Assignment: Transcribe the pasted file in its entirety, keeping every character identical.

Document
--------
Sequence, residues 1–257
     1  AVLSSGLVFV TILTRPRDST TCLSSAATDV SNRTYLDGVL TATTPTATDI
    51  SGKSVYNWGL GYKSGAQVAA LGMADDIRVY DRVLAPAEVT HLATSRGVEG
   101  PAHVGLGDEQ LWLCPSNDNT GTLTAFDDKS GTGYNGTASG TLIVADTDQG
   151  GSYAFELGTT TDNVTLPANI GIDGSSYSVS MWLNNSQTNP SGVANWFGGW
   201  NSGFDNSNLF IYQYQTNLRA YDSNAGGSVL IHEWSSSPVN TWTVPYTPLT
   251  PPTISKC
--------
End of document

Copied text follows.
Sequence, residues 1–257
     1  AVLSSGLVFV TILTRPRDST TCLSSAATDV SNRTYLDGVL TATTPTATDI
    51  SGKSVYNWGL GYKSGAQVAA LGMADDIRVY DRVLAPAEVT HLATSRGVEG
   101  PAHVGLGDEQ LWLCPSNDNT GTLTAFDDKS GTGYNGTASG TLIVADTDQG
   151  GSYAFELGTT TDNVTLPANI GIDGSSYSVS MWLNNSQTNP SGVANWFGGW
   201  NSGFDNSNLF IYQYQTNLRA YDSNAGGSVL IHEWSSSPVN TWTVPYTPLT
   251  PPTISKC